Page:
Introduction to MLOps With SageMaker: Running your First LLM
As the field of machine learning advances, it has become increasingly important for organizations to develop robust practices for managing their workflows. That’s where MLOps comes in - a set of best practices and tools for managing the entire lifecycle of machine learning models, from development to deployment and beyond.
In this blog post, we’ll delve into how MLOps practices can be leveraged to deploy an LLM in AWS SageMaker, using the popular Hugging Face Transformers library. We’ll cover everything from setting up an end-to-end pipeline for deploying a Large Language Model on SageMaker, to monitoring its performance.
By the end of this post, you’ll have a better understanding of the key components of an MLOps workflow, and how they can be used to streamline the deployment of complex machine learning models in production environments. Whether you’re an experienced machine learning practitioner or just starting out, this post will provide valuable insights into the cutting-edge tools and techniques driving the field forward.
Prerequisites - Runtimes
Install the following binaries on your machine:
Prerequisites - AWS Resources
Make sure your have an AWS account configured:
- Clone the repo:
- Run terraform init to check the provider loaded as expected:
- Run terraform plan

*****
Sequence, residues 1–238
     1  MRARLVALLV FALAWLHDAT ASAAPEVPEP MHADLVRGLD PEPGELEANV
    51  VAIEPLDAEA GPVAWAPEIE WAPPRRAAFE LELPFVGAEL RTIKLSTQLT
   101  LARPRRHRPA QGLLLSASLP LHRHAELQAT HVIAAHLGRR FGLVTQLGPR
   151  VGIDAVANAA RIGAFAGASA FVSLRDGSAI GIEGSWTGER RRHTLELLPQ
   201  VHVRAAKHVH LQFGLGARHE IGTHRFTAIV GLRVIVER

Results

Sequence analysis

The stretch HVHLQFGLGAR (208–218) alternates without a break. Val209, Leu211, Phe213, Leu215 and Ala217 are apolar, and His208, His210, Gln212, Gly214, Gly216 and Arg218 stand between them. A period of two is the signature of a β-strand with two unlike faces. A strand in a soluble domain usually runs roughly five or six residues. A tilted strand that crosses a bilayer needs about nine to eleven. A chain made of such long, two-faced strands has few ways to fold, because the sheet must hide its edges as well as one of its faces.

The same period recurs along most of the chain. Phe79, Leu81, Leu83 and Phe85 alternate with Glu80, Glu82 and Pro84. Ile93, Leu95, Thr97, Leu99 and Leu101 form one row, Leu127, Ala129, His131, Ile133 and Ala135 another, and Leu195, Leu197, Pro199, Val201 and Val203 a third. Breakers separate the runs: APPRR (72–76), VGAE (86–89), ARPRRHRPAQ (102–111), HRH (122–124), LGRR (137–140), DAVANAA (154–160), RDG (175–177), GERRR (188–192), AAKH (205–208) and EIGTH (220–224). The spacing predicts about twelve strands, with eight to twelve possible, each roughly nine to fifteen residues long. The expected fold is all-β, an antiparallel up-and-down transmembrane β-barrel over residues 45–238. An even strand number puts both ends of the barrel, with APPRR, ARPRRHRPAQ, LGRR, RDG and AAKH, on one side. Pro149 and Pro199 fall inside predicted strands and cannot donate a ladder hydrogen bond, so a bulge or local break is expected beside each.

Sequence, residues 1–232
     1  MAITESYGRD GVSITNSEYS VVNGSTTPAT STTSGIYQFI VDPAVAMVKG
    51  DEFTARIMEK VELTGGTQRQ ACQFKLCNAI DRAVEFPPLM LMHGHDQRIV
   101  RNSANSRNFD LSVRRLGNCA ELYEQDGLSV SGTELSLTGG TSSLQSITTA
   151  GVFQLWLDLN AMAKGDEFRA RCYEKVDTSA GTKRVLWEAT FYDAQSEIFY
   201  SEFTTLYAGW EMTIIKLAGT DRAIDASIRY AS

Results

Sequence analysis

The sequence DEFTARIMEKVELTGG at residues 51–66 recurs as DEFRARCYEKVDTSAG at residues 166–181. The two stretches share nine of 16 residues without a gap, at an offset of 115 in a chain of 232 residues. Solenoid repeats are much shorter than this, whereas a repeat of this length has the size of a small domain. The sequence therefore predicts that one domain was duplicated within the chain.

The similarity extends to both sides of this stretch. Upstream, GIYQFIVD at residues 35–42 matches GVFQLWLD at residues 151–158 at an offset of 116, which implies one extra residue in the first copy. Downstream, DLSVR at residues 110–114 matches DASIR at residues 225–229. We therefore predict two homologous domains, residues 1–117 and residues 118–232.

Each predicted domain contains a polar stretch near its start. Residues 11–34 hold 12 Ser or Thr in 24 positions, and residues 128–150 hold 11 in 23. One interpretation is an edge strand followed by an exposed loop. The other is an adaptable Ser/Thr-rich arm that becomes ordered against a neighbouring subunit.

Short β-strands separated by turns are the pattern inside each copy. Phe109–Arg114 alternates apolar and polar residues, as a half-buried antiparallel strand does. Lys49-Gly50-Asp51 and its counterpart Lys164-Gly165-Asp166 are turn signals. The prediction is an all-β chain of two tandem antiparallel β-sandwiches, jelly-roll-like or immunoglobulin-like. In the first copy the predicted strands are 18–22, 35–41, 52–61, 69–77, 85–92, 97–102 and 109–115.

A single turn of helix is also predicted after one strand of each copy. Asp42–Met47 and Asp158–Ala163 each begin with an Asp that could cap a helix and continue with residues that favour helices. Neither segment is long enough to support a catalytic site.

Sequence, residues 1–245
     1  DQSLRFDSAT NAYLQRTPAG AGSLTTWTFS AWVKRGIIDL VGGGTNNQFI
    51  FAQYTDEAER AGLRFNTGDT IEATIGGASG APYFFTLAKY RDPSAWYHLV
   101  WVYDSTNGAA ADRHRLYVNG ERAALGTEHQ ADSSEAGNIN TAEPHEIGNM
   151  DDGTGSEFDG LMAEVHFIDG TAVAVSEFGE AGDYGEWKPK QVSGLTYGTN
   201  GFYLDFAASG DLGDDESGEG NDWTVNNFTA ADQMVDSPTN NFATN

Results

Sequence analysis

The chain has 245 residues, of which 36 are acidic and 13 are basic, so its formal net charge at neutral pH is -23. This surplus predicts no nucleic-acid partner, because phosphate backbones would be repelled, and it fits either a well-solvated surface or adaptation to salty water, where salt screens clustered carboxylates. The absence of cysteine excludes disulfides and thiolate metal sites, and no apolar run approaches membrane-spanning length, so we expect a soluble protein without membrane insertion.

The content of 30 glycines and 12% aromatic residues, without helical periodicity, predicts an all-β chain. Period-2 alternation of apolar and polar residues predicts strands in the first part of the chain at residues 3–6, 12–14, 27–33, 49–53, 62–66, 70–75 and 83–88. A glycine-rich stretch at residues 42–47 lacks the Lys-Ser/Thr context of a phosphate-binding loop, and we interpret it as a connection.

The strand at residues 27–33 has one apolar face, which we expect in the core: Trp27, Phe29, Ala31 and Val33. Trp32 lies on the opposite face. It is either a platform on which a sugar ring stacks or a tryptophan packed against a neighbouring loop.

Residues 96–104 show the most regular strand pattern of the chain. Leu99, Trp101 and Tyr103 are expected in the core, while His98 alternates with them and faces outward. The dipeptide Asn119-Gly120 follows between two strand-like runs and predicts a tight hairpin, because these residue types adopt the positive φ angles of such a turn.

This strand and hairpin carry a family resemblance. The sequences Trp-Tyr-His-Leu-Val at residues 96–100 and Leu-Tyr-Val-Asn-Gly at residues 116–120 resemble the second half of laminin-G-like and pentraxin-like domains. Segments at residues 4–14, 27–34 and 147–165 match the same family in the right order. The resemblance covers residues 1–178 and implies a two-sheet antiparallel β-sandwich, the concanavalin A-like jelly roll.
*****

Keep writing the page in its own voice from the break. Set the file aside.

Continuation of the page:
- Create SageMaker domain, user profile, and JupyterServer instance:
model.tar.gz for the Amazon SageMaker real-time endpoint
There are two ways you can deploy transformers to Amazon SageMaker. You can either deploy a model from the Hugging Face Hub directly or deploy a model stored on S3. Since we are not using the default Transformers method we need to go with the second option and deploy our endpoint with the model stored on S3. In order to do that we need to create a folder structure like the following:
Using the SageMaker Hugging Face Inference Toolkit, we can reference Dolly in SageMaker by creating a function like the one below in the file
inference.py. By doing this we will be overwriting the
Finally, upload model to S3:
Once the infrastructure is up and running and the model reference has been uploaded to S3, you can access the JupyterServer by clicking the button “Open Studio” in the SageMaker console:
Deploying LLM - Dolly V2 12B
From the JupyterServer, you can import the git repo and reference the
After executing all the previous cells from the notebook, you can proceed to deploy the model like the image below shows:
It’s important to mention that this step might take a couple of minutes to complete.
You can verify the model was deployed successfully by checking the SageMaker endpoint status on the AWS Console:
Consuming SageMaker Endpoint
We can use the Streamlit to create a fast application and test the model inference:
And finally execute the following command to deploy using docker:
You will be able to access the playground on:
Bonus: More sophisticated workflows
You can build need more sophisticated workflows by templating the prompts
using langchain. The following are just a few examples of what you can do by
Cleaning up resources
To clean up the resources created by this project, you can run the following command: